News & Insights

Repair –v- compensation for Disrepair (Part 1)

In three instalments our commercial property partner Michael Higgin explains a tenant’s duty to repair its premises and looks at what compensation it may need to pay for not doing so.

As an occupier of leased premises, when your lease term comes an end your landlord will expect the premises to be returned to them in the state they should be if you had complied with your obligations to repair and decorate as set out in your lease. The law on dilapidations is complicated, and has been subject to much litigation over the years, so taking legal advice is strongly recommended.

Almost all leases contain separate obligations:

  • for the premises to be kept in repair;
  • for decoration works to be carried out, both during the term and in the last few months of the term;
  • to comply with statutory requirements;
  • to give up ‘vacant possession’ at the end of the term; and
  • to remove and make good any alteration works which have been carried out during the term of a lease.

Some leases say that the landlord must serve a notice before alteration works are required to be reinstated. If so, sometimes the landlord must do this proactively and sometimes the tenant must prompt the landlord. A tenant should carefully read its documentation to see which regime applies, and if so, on what terms.

Sometimes the repair obligation is qualified by reference to a schedule of condition which limits the extent of that repairing obligation.

Importantly, a tenant is responsible for its “premises”, so understanding what is leased to it and what is not is important. Many office and shop leases in larger buildings are skin-deep, interior only (and for shops, shop front) leases. Occasionally certain features are agreed to be excluded from the tenant’s repair responsibility and retained by the landlord (such as old air conditioning, or an old roof, if they are in disrepair before the term starts).

Read your documents in good time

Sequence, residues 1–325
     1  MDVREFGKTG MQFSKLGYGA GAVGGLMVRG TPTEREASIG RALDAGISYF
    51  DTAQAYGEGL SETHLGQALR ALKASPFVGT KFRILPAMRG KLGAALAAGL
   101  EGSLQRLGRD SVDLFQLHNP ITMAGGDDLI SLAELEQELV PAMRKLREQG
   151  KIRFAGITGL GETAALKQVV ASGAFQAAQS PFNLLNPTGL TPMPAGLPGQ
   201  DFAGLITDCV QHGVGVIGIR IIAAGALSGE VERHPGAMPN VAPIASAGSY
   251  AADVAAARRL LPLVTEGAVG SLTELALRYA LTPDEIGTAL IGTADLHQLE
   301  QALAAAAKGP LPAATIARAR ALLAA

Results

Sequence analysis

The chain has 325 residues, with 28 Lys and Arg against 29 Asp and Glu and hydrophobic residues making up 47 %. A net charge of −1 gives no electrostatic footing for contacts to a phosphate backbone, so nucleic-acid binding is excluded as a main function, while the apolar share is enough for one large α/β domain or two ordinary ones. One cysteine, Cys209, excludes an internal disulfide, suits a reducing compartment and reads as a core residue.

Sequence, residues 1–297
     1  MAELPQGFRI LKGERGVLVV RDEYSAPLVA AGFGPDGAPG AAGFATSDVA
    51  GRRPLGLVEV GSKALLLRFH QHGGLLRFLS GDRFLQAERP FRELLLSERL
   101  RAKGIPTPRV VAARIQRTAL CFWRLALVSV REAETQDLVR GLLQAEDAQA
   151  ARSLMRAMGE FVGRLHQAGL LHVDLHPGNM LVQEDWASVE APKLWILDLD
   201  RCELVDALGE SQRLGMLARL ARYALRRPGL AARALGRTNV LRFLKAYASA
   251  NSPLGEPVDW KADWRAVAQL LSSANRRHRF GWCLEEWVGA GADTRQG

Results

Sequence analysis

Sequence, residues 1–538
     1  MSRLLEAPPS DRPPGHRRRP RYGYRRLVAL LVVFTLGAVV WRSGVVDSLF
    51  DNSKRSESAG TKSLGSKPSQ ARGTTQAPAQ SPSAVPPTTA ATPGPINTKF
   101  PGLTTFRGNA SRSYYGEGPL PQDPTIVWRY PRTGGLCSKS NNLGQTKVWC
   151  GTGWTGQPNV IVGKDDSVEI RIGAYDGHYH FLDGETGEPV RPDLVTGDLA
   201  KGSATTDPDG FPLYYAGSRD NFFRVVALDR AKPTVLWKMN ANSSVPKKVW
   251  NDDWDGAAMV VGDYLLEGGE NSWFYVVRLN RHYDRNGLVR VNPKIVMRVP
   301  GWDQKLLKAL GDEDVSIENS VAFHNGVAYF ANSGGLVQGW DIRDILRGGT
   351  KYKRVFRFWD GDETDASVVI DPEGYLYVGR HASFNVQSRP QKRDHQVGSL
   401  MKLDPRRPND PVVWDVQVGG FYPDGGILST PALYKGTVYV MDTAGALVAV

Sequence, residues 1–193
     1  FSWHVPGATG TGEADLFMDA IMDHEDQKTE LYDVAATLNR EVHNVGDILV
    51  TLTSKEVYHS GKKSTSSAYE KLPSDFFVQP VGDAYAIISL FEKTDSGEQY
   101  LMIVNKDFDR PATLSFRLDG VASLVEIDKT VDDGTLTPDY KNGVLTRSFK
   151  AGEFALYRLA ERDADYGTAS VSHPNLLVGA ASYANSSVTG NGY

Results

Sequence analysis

The obligation to reinstate alterations may be repeated (or varied) in any express “licence for alterations” which has been granted during the term. It is therefore sensible for a tenant to read its lease and any licences for alterations in good time before the end of the term of the lease to remind itself what the obligations are.

Break clause conditions

If the tenant is terminating its lease by using a break clause, then in many (especially older leases) compliance with the lease obligations is of critical importance. Also, if it does not remove alterations and partitioning this can mean that it has not given up “vacant possession” of its premises. If the tenant puts its workmen into the property after the term has ostensibly ended in order to carry out repair works, then that may mean that “vacant possession” has not been given up, which can be critical in the matter of the effectiveness of a break notice. Both of these can mean that a break notice is ineffective, and the tenant’s lease continues which may be very costly news.

This would be very significant, and a tenant should take legal advice on this topic if it is exercising a break clause.

Part 2 looks further at dealing with Schedules of Dilapidations and the risk of Forfeiture (see related articles below).

Part 3 deals with the Conduct of Dilapidations claims and whether the tenant may choose to do repair works or not (see related articles below).